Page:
Celebrating women in the [email protected] story

Emilly Comfort Maractho

What you need to know:

  • More women in newsroom management makes a difference for women as newsmakers. 

Part two of this piece celebrating women in Monitor @ 30, focuses on two past editors, Margie Vuchiri and Barbara Among, whose contributions to the Monitor story is as incredible as they each are. 

More women in newsroom management makes a difference for women as newsmakers. Many newsrooms now have enough sense to accept that women bring valuable contributions to media products.

So, more women are given opportunities to lead, which is a great thing. Yet, even as we near parity, very good women leave the newsroom, according to Barbara Kaija, in a publication that is fairly profound in giving us reasons as to why this is the case. 

Reading the Daily Monitor of August 5, I was struck by how many women have actually been part of the Daily Monitor story. In part two, I focus on two women who left the Daily Monitor. I know both of them closely. 

Margie is the immediate past Managing Editor of the Daily Monitor. Margie nudged me into becoming columnist. After sending my first article in 2010, I continued to write, only when provoked by a mudslide or something annoying. I did not have time to write regularly, often working and studying. 

Even when I spent most of the time out of the country studying, Margie never gave me space, writing every once in a while asking when I would return, when I would write again, and when I would take up a column. She felt that too many men were writing. She thought I brought fresh perspectives, and wanted me on her team of columnists.

I ultimately signed up as a columnist five years ago. She said I would be okay. She was right, this has been extremely rewarding. I have never failed to write a single week. Her role in making me write, tells of how little the role of women in the newsroom goes a long way to include more women in media.

Margie is very calm. When we finally met, we shared a passion for journalism. The day she told me she was signing out was one of those very bad days. I called one of the managers at Daily Monitor, asking what was going on, why they were not doing everything possible to keep her. I was just a media scholar, foolishly pushing my boundaries. 

When founding member Wafula Ogutu said he told President Museveni about how, he was patriotic and loved this country, perhaps even more than the president, I could relate. I loved the Daily Monitor and wanted its health, including having competent women in editorial.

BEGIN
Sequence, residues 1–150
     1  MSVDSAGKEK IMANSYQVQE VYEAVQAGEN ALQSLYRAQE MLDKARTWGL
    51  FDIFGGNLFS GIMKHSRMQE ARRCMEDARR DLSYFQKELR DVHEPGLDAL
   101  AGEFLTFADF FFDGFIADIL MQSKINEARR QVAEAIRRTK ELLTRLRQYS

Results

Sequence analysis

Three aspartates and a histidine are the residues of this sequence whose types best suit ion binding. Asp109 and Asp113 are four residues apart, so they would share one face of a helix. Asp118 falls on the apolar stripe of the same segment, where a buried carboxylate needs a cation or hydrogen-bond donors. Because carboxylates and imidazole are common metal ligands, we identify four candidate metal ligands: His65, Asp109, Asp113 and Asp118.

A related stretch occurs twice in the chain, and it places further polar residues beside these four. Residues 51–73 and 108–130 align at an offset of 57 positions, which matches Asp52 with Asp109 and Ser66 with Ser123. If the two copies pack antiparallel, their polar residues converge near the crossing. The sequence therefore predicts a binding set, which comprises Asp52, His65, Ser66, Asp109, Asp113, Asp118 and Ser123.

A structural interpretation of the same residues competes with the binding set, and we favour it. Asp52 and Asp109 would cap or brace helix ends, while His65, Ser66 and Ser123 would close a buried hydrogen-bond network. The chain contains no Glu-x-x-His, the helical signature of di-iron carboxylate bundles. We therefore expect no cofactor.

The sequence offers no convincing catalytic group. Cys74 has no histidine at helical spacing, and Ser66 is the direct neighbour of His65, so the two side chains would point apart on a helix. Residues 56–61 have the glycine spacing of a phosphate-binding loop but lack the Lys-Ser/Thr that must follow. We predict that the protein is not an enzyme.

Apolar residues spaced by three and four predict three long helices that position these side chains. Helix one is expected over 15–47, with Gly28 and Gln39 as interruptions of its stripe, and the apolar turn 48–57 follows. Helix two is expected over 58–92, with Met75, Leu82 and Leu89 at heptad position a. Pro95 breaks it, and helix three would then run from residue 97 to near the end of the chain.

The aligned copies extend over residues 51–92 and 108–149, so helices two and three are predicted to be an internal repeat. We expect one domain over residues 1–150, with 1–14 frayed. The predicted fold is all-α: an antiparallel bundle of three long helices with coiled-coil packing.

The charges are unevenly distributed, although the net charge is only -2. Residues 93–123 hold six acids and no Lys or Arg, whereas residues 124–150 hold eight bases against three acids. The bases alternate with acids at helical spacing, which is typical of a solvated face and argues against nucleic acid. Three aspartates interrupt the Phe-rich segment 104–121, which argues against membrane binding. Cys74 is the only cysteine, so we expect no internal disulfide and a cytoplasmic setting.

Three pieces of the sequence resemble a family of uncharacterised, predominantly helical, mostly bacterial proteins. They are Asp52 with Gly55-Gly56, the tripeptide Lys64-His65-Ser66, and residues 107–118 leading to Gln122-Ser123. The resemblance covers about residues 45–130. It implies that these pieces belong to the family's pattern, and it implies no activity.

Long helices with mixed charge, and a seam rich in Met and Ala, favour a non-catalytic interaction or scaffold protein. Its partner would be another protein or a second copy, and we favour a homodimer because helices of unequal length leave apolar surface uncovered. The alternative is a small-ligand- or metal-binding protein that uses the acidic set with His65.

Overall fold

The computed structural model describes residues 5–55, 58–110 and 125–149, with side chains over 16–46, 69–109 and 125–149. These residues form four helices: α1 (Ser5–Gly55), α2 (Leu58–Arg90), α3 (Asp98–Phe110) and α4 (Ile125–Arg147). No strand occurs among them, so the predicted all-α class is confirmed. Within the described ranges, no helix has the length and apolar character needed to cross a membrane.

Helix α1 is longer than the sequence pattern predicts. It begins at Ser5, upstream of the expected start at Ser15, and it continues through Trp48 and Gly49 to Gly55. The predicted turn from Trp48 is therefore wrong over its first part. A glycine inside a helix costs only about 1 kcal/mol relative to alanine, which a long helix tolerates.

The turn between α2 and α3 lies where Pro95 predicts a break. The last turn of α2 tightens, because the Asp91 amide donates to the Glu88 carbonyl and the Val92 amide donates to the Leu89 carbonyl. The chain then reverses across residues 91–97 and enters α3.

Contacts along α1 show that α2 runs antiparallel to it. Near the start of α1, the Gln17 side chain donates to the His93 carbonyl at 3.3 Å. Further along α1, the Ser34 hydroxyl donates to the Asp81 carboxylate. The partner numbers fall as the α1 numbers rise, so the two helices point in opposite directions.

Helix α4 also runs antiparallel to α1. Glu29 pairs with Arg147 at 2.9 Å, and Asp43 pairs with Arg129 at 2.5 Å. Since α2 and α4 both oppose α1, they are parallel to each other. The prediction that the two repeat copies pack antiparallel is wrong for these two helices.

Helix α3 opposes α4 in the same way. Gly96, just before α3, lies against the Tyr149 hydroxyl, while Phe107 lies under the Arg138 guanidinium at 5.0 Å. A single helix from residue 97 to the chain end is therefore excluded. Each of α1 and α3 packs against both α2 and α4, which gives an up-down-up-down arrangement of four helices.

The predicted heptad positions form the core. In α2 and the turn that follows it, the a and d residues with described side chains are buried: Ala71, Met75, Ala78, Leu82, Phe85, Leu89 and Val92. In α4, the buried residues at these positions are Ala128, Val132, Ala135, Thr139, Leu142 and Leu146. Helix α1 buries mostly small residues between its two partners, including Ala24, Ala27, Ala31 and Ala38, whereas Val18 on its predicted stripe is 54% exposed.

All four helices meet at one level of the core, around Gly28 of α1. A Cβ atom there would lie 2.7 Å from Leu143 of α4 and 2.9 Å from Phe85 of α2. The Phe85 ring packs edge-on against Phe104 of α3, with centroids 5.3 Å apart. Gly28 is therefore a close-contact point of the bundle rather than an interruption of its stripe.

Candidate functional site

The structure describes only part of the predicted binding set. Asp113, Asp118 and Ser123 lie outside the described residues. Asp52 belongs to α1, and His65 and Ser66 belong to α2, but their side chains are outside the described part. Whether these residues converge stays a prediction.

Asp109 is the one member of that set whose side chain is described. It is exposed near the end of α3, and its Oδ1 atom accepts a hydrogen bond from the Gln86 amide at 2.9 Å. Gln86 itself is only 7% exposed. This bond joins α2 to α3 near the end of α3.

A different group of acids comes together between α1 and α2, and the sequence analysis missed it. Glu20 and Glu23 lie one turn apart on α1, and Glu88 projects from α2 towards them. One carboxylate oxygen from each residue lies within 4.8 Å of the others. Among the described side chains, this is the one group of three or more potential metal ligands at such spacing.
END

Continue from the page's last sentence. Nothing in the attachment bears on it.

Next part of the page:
I felt that more needed to be done. She kept the editorial team running in the difficult time of Covid-19 and had gone through an election. Clearly, even time off could have been negotiated for her. But then I was an outsider. Margie had made up her mind. We had a long conversation. I persuaded her to stay or take some time off, but failed. She is unassuming, down to earth and one of the most assertive people I know, with a clear head.

Newsrooms need people like those. She is going to be better than okay.
I met Barbara when we invited her to speak to students. I was head of department, journalism and media studies at Uganda Christian University at the time. In that talk, I was surprised by her journalism credentials. She gave a brilliant talk. 

As a regular reader of the Daily Monitor and the East African from early on, I have seen Barbara for a long time. She was managing editor of the weekend edition of the Daily Monitor for nearly a decade. Our professional paths cross often. Even then, I never stop irritating her about her professional growth.

There are women I decided I would not leave alone, that they had a lot to offer. Barbara is one of those. So when she announced her next career move, I was more than pleased. With that knowledge and experience, her place is firmly in shaping journalism talent for the future, because she is a great trainer too. We share interests in gender sensitive reporting. There are others I gently apply that pressure to, and grateful when they take that step. Seeing talent comes with being a teacher.

If there is anything I have learnt through the last many years of training journalists, it is that most female journalists already have everything, they just need someone to keep bothering them, the way Margie bothered me about becoming a columnist and how I sometimes bother Barbara. 

I always follow these women, knowing they are not just brilliant, they have their heart and soul for the newsroom, but also likely to succeed outside the newsroom. They could be part of a much greater story. Many have left, but their contribution to the Monitor story, remains. 

I hope, that Barbara and Margie, can still be part of the NMG mentorship agenda, for younger women in news and our talent re-tooling. 

Ms Emilly Maractho (PhD) is the director of Africa Policy Centre and senior lecturer at Uganda Christian University.             [email protected]


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